Vertex Sharp Wave Transients

Posted on
May 26, 2023
Let's learn all the facts about a brain pattern called

Vertex Sharp Wave Transients

Go BackJump To Question

EEG Sample Credit: The Learning EEG (

Vertex Sharp Wave Transients (V Waves)

V waves can be recognized in infants at as early as 2 months of age. Low-voltage theta with POSTS, low-voltage V waves, and drifting horizontal eye movements with decreased muscle artifact denote N1 sleep. V waves first appear as a sign of late drowsiness in N1 sleep with a lower amplitude and are less sharply contoured as compared to that seen in N2. V waves should be easily distinguishable from the background.  

They are bilateral phase reversing discharges over the central regions maximal at CZ and the central derivations. V waves usually have a maximal amplitude (on referential montages) and reverse phase (on bipolar montages) at the CZ electrode.  The spread may involve the neighboring central (C3, C4) and sometimes frontal electrodes. 

V waves are diphasic, sharply contoured, surface-negative waves followed by a small positive phase lasting 70-200ms, with highly variable amplitude that are generally symmetrical and synchronous These waves appear singly in adults or in serial repetitive runs especially in young children and may be quite sharp or high amplitude. In adults, the amplitude is usually 100 to 150μV, and in children up to 250μV. Although they are scary looking they are normal and rarely considered epileptiform. A V wave is primarily a spontaneous phenomenon but they can be elicited by a light arousal stimulus.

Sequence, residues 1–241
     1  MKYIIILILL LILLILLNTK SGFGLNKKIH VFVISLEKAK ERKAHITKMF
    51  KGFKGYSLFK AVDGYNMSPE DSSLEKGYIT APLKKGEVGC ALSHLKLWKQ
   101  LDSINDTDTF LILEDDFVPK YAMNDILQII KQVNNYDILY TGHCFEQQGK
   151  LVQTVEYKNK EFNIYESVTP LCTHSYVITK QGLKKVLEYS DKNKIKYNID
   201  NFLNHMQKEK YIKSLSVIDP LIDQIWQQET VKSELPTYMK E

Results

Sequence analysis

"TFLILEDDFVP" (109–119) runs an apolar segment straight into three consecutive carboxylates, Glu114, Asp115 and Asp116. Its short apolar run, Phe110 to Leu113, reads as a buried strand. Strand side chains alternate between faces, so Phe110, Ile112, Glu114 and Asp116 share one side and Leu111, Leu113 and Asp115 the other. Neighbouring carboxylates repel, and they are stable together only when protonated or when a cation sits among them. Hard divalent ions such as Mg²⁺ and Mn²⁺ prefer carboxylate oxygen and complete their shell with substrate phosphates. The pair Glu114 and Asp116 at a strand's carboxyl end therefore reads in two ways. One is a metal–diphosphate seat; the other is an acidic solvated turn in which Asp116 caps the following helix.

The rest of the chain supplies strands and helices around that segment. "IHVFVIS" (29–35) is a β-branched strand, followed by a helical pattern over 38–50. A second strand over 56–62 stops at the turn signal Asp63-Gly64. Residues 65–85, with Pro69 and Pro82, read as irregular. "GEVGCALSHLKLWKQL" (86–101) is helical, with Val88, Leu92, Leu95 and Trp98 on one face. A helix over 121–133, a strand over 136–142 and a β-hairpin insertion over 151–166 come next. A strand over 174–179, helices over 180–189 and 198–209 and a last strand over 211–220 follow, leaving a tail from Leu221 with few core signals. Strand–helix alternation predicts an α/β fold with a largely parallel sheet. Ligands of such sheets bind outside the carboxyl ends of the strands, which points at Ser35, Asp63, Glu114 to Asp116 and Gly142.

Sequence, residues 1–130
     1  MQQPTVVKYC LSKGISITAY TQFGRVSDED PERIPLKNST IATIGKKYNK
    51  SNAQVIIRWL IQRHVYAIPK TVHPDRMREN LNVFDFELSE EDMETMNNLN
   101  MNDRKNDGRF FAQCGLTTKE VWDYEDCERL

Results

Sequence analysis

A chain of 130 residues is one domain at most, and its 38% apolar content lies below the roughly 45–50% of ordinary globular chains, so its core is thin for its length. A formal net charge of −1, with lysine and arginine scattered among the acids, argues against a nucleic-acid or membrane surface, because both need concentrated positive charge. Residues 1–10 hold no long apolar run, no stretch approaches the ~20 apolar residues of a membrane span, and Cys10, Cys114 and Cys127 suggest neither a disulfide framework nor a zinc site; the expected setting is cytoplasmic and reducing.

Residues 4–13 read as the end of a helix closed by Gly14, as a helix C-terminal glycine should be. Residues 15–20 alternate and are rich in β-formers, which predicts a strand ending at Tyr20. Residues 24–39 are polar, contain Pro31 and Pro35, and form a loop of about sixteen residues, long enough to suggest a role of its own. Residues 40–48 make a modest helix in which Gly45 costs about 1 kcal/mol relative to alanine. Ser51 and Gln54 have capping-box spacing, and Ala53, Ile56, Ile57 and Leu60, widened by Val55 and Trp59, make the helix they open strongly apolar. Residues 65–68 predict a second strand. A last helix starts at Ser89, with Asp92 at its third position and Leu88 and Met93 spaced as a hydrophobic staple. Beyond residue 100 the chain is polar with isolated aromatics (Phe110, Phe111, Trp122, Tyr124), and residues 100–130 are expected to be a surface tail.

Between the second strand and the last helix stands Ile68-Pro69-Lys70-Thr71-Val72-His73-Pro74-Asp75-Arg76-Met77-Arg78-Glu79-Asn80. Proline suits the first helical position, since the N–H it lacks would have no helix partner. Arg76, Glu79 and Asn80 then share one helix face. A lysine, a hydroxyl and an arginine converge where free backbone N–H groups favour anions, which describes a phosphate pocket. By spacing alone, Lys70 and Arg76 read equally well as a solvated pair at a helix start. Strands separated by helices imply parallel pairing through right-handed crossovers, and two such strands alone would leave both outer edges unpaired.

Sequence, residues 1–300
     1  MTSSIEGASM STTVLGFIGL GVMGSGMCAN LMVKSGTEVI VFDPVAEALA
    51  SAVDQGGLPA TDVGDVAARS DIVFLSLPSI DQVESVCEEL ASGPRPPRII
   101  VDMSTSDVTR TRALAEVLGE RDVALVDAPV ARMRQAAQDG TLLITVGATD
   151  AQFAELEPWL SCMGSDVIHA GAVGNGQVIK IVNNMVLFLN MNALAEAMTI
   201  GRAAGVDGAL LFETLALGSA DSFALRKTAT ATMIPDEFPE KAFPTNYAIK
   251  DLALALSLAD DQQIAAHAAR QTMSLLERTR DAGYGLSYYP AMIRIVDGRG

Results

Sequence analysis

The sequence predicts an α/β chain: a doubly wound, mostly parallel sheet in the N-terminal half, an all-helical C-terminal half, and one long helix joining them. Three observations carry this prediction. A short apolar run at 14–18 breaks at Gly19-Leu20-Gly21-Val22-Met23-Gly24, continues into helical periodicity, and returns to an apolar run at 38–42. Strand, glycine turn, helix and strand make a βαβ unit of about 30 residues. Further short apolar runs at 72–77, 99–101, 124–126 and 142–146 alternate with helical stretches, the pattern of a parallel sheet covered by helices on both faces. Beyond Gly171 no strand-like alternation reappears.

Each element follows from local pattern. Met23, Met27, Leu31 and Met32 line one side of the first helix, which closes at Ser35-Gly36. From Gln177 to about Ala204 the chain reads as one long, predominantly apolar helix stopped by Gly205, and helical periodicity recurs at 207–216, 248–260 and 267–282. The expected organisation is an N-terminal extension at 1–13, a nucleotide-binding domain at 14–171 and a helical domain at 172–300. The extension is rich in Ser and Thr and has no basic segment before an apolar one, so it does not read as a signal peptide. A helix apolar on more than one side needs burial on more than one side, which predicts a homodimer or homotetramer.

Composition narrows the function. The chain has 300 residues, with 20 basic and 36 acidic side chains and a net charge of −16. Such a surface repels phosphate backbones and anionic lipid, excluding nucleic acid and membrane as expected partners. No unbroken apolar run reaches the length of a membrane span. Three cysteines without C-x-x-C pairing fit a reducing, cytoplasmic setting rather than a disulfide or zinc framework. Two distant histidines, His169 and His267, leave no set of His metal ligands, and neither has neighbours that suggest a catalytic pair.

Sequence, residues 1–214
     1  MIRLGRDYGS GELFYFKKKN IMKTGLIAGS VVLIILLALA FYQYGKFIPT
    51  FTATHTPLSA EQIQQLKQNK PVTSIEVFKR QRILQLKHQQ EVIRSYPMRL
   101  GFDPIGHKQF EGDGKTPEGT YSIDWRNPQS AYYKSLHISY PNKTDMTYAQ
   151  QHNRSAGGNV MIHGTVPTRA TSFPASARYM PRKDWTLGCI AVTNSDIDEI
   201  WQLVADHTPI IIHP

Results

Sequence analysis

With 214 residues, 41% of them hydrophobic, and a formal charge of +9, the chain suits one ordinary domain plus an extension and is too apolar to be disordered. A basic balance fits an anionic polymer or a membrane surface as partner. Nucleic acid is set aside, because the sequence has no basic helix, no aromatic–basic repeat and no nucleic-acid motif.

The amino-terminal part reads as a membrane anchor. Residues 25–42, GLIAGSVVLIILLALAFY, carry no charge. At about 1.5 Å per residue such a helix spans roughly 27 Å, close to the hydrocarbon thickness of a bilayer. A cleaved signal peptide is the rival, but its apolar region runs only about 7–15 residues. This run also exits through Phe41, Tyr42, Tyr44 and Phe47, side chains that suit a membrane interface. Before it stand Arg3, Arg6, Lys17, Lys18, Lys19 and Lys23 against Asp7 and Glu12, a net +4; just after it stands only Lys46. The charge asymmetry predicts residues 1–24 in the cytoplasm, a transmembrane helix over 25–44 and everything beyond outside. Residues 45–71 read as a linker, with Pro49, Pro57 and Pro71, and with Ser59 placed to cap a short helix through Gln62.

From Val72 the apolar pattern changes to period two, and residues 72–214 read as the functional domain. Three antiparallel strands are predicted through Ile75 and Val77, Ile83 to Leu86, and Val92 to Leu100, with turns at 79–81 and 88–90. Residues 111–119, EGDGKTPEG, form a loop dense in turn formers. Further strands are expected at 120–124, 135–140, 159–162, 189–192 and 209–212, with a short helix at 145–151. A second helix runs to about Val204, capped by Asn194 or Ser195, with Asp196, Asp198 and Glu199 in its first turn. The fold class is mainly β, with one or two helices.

Of the following montages, which is the most beneficial for recording sleep architecture on the EEG such as Vertex sharp waves and K complexes?
AP Bipolar
Circumferential (Hatband)
Transverse Bipolar
CZ Reference
Correct Answer: 

Since a transverse montage runs sequentially from the left temporal, left parasagittal, midline, right parasagittal, and right temporal, it is useful to determine if a given activity has temporal or parasagittal dominance, but it is less useful to determine the potential gradient in the anterior–posterior direction. The transverse montage is especially useful in sleep recordings as it reveals better defined vertex sharp-wave phase reversals at the midline electrodes. The K complex also shows a phase reversal at the midline, but with more frontal dominance.


The Learning EEG (

Yamada, Thoru, and Elizabeth Meng. Practical Guide for Clinical Neurophysiologic Testing: EEG. Available from: Wolters Kluwer, (2nd Edition). Wolters Kluwer Health, 2017.

Greenfield, John, L. et al. Reading EEGs: A Practical Approach. Available from: Wolters Kluwer, (2nd Edition). Wolters Kluwer Health, 2020.

Go Back To All EEG Fun Facts